## scale reduction factor on split chains (at convergence, Rhat = 1).

For technical reasons, each parameter in fitglmm2 has a _Intercept suffix, but the results are the same. In the next part of this blog post, we take this syntax one step further to estimate the unequal variances Gaussian SDT model.

Discussion

Hierarchical modeling techniques have several advantages over traditional methods, such as (M)ANOVA, for modeling data with within-subject manipulations and repeated measures. For example, many models that previously required using parameters from subject-specific models as inputs can now be modeled within a single model. Hierarchical models naturally account for unbalanced data, and allow incorporating continuous predictors and discrete outcomes. In the specific context of SDT, we observed that hierarchical models also estimate important parameters that describe possible between-person variability in parameters in the population of interest.

From casual observation, it appears that the rise of popularity of hierarchical models is accelerating. Many applied papers now analyze data using multilevel models, instead of rm-ANOVA, suggesting that there is demand for these models within applied research contexts. Conceptualizing more complex, possibly nonlinear models as hierarchical models should then afford a unified framework for data analysis. Furthermore, by including parameters for between-person variability, these models allow researchers to quantify the extent to which their effects of interest vary and, possibly, whether these effects hold for everybody in the population.

References

Bolger, Niall, and Jean-Philippe Laurenceau. 2013. Intensive Longitudinal Methods: An Introduction to Diary and Experience Sampling Research. Guilford Press. http://www.intensivelongitudinal.com/.

Bürkner, Paul-Christian. 2017. “Brms: An R Package for Bayesian Multilevel Models Using Stan.” Journal of Statistical Software 80 (1): 1–28. https://doi.org/10.18637/jss.v080.i01.

DeCarlo, Lawrence T. 1998. “Signal Detection Theory and Generalized Linear Models.” Psychological Methods 3 (2): 186–205. https://doi.org/10.1037/1082-989X.3.2.186.

Gelman, Andrew, and Jennifer Hill. 2007. Data Analysis Using Regression and Multilevel/Hierarchical Models. Cambridge University Press.

McElreath, Richard. 2016. Statistical Rethinking: A Bayesian Course with Examples in R and Stan. CRC Press.

R Core Team. 2017. R: A Language and Environment for Statistical Computing. Vienna, Austria: R Foundation for Statistical Computing. https://www.R-project.org/.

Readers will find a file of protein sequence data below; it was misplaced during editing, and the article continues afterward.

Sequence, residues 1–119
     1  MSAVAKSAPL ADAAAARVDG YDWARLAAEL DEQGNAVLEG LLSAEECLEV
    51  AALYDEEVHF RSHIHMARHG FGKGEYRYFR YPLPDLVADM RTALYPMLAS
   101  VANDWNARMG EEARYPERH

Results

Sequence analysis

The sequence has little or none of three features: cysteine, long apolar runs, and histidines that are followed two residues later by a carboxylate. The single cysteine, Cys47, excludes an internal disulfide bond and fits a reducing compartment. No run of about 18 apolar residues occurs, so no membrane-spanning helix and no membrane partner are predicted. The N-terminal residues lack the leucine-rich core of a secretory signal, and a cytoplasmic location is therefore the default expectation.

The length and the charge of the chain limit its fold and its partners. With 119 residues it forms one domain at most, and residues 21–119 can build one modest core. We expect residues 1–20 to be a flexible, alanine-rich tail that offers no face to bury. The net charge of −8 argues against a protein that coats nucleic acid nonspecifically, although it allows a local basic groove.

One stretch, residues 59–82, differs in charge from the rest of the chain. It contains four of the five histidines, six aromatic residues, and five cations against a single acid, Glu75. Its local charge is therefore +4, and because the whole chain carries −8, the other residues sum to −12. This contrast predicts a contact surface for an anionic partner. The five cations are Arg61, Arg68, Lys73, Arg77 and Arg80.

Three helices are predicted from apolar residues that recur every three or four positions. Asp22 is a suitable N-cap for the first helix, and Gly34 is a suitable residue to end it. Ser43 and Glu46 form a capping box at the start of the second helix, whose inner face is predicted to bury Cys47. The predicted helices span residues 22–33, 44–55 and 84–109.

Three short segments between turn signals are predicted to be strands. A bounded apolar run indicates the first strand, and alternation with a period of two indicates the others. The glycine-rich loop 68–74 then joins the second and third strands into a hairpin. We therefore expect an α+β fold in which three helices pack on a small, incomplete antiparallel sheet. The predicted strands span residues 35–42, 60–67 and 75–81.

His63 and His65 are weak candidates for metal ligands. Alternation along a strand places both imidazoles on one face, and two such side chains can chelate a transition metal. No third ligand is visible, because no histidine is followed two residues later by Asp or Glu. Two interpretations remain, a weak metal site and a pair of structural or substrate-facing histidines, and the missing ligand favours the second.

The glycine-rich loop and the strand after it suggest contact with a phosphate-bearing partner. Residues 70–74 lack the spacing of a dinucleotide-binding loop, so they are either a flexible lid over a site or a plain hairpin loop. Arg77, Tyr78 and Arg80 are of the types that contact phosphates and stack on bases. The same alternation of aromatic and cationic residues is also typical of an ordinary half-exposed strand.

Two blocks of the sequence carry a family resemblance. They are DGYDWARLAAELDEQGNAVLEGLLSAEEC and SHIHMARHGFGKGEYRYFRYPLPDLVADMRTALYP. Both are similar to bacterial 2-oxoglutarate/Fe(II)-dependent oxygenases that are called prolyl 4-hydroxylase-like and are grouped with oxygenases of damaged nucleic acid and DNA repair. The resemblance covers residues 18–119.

Rouder, Jeffrey N., and Jun Lu. 2005. “An Introduction to Bayesian Hierarchical Models with an Application in the Theory of Signal Detection.” Psychonomic Bulletin & Review 12 (4): 573–604. https://doi.org/10.3758/BF03196750.

Rouder, Jeffrey N., Jun Lu, Dongchu Sun, Paul Speckman, Richard D. Morey, and Moshe Naveh-Benjamin. 2007. “Signal Detection Models with Random Participant and Item Effects.” Psychometrika 72 (4): 621–42. https://doi.org/10.1007/s11336-005-1350-6.

Skagerberg, Elin M., and Daniel B. Wright. 2008. “Manipulating Power Can Affect Memory Conformity.” Applied Cognitive Psychology 22 (2): 207–16. https://doi.org/10.1002/acp.1353.

Stan Development Team. 2016. Stan: A C++ Library for Probability and Sampling, Version 2.15.0. http://mc-stan.org/.

Stanislaw, Harold, and Natasha Todorov. 1999. “Calculation of Signal Detection Theory Measures.” Behavior Research Methods, Instruments, & Computers 31 (1): 137–49. http://link.springer.com/article/10.3758/BF03207704.


  1. Hierarchical regression is sometimes used to mean the practice of adding predictors to a regression model based on the predictors’ p-values. Whatever you do, don’t do that.

  2. The label “Group-Level Effects” might be slightly confusing because the SD and correlation parameters describe the population of subject-specific effects. I have yet to find a 100% satisfactory terminology here, but think that brms’ terminology is certainly less confusing than that of “random” and “fixed” effects, traditionally encountered in multilevel modeling literature.